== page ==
Blue Apron is in a death spiral.
After initially seeking to sell its shares for $US15 to $US17 in an initial public offering, the company was forced to lower the range substantially last week. It sold the shares for $US10, and basically went nowhere on day one — Thursday, June 29.
Since then the stock has dropped 22%, and a week later, it’s fetching about $US7.77. That’s half of what the company thought it might get from investors — at the low end — when it first began to pitch them the shares.
There are a few reasons for this. The most cited is the fact that — while Blue Apron was trying to drum up interest in its IPO — Amazon struck a deal to buy Whole Foods. The worry for Blue Apron is that the combination of Whole Foods reputation for high-quality produce and Amazon’s e-commerce know how could dominate the business of selling people fresh ingredients for individual home cooked meals.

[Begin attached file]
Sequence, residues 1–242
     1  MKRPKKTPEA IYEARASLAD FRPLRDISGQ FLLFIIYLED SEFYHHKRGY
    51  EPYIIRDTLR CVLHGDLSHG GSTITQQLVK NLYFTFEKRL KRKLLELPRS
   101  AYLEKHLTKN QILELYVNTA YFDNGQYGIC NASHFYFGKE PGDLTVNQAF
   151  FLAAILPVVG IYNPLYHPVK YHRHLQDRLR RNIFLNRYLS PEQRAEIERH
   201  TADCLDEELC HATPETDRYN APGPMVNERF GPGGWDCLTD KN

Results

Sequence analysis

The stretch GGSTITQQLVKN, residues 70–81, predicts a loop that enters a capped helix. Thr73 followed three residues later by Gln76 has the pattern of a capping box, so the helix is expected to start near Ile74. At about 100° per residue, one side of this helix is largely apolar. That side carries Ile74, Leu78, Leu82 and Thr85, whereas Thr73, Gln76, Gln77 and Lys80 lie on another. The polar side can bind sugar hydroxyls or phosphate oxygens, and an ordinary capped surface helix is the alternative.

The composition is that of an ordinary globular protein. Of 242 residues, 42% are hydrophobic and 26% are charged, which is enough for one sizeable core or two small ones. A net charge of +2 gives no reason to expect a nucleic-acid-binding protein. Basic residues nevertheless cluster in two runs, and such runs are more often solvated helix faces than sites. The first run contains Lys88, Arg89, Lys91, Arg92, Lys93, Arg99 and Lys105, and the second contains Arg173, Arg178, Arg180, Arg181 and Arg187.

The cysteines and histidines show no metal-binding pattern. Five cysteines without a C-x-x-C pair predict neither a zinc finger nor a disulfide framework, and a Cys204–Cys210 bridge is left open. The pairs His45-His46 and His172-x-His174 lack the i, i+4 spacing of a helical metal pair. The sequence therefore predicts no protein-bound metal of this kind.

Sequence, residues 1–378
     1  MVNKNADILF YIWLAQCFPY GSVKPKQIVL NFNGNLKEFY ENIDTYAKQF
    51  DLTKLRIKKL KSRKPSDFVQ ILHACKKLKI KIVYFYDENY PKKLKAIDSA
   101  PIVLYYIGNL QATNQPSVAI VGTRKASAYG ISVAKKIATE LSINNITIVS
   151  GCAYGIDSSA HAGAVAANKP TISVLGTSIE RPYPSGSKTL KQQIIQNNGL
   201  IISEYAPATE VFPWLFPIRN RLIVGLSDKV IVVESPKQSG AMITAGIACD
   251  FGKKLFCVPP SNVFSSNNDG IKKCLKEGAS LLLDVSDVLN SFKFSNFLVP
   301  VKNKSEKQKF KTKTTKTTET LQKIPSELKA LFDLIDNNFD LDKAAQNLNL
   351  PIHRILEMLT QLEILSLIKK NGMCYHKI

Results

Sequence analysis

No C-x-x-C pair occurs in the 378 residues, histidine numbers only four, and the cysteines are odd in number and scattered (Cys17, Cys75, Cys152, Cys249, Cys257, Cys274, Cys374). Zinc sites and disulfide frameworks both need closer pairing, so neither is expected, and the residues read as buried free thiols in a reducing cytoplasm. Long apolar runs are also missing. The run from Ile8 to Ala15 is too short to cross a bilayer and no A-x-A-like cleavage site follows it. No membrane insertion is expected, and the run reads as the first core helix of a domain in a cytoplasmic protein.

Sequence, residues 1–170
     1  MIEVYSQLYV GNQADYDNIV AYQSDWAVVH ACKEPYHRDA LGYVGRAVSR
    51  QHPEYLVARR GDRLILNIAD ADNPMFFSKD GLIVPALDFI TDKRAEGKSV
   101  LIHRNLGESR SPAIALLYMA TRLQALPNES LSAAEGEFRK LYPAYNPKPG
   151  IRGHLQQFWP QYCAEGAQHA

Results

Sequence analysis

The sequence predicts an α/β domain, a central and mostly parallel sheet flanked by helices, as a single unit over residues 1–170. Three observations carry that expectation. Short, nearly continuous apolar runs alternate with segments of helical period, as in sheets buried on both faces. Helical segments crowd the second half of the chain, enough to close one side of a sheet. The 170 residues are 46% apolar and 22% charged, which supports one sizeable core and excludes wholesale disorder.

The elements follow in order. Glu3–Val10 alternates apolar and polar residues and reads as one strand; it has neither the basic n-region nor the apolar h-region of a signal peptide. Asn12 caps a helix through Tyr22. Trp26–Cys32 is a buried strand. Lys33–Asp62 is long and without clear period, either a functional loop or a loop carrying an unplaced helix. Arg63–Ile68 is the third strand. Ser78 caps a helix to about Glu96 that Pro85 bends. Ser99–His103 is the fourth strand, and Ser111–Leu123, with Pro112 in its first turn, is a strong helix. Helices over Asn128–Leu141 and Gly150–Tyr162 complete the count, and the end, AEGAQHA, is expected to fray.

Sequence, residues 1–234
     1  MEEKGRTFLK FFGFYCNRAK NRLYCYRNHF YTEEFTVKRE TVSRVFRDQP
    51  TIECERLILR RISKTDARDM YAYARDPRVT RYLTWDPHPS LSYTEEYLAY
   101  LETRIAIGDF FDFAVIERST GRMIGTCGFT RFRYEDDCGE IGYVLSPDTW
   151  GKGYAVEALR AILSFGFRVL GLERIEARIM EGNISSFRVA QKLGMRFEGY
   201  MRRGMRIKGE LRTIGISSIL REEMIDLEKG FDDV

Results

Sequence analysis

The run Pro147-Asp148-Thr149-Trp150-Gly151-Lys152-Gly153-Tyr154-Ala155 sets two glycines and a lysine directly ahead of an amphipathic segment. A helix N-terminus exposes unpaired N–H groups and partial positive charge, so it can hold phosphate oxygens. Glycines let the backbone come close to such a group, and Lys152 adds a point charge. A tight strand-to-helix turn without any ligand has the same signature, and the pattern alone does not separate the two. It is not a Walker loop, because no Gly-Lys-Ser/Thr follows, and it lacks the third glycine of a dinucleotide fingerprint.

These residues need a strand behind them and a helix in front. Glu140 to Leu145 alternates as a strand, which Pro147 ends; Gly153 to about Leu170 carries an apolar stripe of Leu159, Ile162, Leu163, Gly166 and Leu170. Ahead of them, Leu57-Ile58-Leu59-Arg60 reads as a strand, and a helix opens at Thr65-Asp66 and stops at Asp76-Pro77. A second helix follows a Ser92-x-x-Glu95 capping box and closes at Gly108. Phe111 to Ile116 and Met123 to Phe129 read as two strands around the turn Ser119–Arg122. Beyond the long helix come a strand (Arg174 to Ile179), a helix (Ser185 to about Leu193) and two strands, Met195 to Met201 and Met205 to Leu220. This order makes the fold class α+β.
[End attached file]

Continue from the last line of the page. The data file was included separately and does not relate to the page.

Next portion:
But there’s also the issue of customer retention to think about. Even without Amazon in the picture, Blue Apron has only able to keep 23% of customers for more than a year, according to one analysis. About 72% of customers ditch the service after just six months, according to that estimate.
Comparing the company to other subscription services doesn’t paint a better picture. Blue Apron can only retain 1/3 of its customers after six months, compared to services like Netflix or the Dollar Shave Club which retain around 3/4 of their customers.
Blue Apron is currently trading at $US7.77 and has fallen 3.60% on Friday. The company is currently valued at $US1.34 billion, according to data from Google.
NOW WATCH: Money & Markets videos
Business Insider Emails & Alerts
Site highlights each day to your inbox.